US Secretary of State Antony Blinken opened his remarks at the United Nations Security Council on Wednesday recounting his recent trip to Yahidne – a Ukrainian town roughly two hours north of Kyiv that had been occupied by Russian soldiers.
“I begin here because – from the comfortable distance of this chamber – it’s really easy to lose sight of what it’s like for the Ukrainian victims of Russia’s aggression,” Blinken told his fellow diplomats seated in the room, including Russian Foreign Minister Sergei Lavrov.
“Russia’s forces … went door to door, rounding up residents at gunpoint, and marching them to the local elementary school,” where they forced more than 300 villagers – “mostly women, children, and elderly people” – into “just a few small rooms with no windows, no circulation, no running water” in the basement.
The Russian soldiers kept them imprisoned there for nearly a month, “packed together so tightly that they could barely breathe,” denying them medical care, and allowing them to remove their dead only once a day, Blinken described.
“Children, parents, husbands, and wives were forced to spend hours next to the corpses of their loved ones,” he continued.
“The oldest victim was 93 years old,” he said. “The youngest: 6 weeks old.”
The top US diplomat’s effort to highlight the horrific realities of the war in Ukraine come as the Biden administration seeks to maintain support for Kyiv amid growing opposition in Congress and as the international community faces the prospect of war with little end in sight.
On Wednesday, Blinken will join fellow national security officials including Director of National Intelligence Avril Haines, CIA Director Bill Burns, Chairman of the Joint Chiefs Mark Milley, and Secretary of Defense Lloyd Austin to brief the Senate on Ukraine.
Ukrainian President Volodymyr Zelensky will be in the US capital on Thursday – following on the heels of his time at the UN – for a high-stakes visit to try to shore up support and convince lawmakers not to cut aid.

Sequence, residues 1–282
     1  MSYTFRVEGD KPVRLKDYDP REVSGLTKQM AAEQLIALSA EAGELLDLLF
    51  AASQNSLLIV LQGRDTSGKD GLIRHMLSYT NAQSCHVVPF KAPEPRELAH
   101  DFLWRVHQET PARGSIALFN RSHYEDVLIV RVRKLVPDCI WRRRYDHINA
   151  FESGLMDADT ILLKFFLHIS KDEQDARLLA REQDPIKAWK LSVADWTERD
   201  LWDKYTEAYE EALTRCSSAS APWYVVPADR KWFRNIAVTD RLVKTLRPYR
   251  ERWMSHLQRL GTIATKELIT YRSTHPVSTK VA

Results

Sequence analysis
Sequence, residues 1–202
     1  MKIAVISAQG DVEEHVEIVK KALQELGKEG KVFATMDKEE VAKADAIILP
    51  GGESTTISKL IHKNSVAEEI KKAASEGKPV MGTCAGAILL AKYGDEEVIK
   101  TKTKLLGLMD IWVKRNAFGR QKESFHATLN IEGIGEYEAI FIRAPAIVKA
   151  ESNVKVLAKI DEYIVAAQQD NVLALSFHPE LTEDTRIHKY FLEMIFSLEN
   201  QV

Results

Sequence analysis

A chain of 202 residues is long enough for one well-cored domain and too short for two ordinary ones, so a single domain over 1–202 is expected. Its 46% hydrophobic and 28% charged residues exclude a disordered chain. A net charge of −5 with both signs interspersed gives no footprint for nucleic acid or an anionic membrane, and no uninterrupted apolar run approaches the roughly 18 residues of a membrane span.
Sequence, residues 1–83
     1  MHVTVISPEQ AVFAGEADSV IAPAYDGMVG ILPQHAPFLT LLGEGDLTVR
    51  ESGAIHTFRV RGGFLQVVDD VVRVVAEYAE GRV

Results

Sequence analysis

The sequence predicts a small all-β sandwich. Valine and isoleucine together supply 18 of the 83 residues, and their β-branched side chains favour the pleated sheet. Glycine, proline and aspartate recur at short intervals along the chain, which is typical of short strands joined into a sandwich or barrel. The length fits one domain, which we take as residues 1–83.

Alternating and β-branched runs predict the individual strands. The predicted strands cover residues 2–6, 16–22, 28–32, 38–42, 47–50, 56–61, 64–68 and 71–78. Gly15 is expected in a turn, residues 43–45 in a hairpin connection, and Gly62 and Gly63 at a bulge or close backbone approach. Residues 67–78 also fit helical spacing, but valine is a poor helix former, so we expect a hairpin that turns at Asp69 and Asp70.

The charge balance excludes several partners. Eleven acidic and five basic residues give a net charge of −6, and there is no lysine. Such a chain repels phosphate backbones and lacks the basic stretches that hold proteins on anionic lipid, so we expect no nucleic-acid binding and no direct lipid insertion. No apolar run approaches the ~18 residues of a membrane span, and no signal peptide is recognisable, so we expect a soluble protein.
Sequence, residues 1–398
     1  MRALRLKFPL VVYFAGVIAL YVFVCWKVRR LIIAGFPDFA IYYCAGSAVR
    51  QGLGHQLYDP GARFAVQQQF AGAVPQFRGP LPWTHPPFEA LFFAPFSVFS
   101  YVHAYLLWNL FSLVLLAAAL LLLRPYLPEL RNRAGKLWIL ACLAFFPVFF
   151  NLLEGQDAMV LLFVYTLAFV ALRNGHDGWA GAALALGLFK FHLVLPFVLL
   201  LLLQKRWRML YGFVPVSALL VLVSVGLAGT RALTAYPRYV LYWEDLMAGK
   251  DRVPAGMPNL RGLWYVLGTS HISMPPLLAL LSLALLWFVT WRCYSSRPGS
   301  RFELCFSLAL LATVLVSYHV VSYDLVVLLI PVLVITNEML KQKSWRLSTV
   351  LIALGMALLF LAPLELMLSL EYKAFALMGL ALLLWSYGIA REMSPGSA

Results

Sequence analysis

Last month, the Biden administration asked Congress to approve an additional $24 billion in emergency spending for Ukraine and other international needs. Zelensky will meet with all senators on Thursday morning, and in an interview with CNN, Zelensky said he plans to meet with Republican House Speaker Kevin McCarthy, who has not signaled whether he would endorse the additional Ukraine funding amid open opposition from some in his party.
On Wednesday, Blinken downplayed the potential funding fight, telling ABC News in an interview that “support remains strong.”
“And I think President Zelenskyy has an opportunity now in Washington to remind people of what the stakes are. This is not just the right thing to do because of the horrific abuses that Russia is committing in Ukraine; it’s the necessary thing to do,” he said.
In his remarks at the UN Security Council, Blinken also sought to re-emphasize that “in this war, there is an aggressor and there is a victim,” accusing Moscow of violating the UN charter, committing war crimes, engaging “in reckless nuclear saber-rattling,” weaponizing hunger, attacking Ukrainian civilians with the help of Iran, and potentially seeking weapons from North Korea.
“It’s hard to imagine a country demonstrating more contempt for the United Nations and all that it stands for – this from a country with a permanent seat on this council,” he said.
Zelensky, in his remarks, criticized the UN body – in which Russia has veto power – for failing to do enough to stop the war.
“Ukrainian soldiers now are doing at the expense of their blood what the UN Security Council should do by its voting. They’re stopping aggression and upholding the principles of the UN Charter,” he said.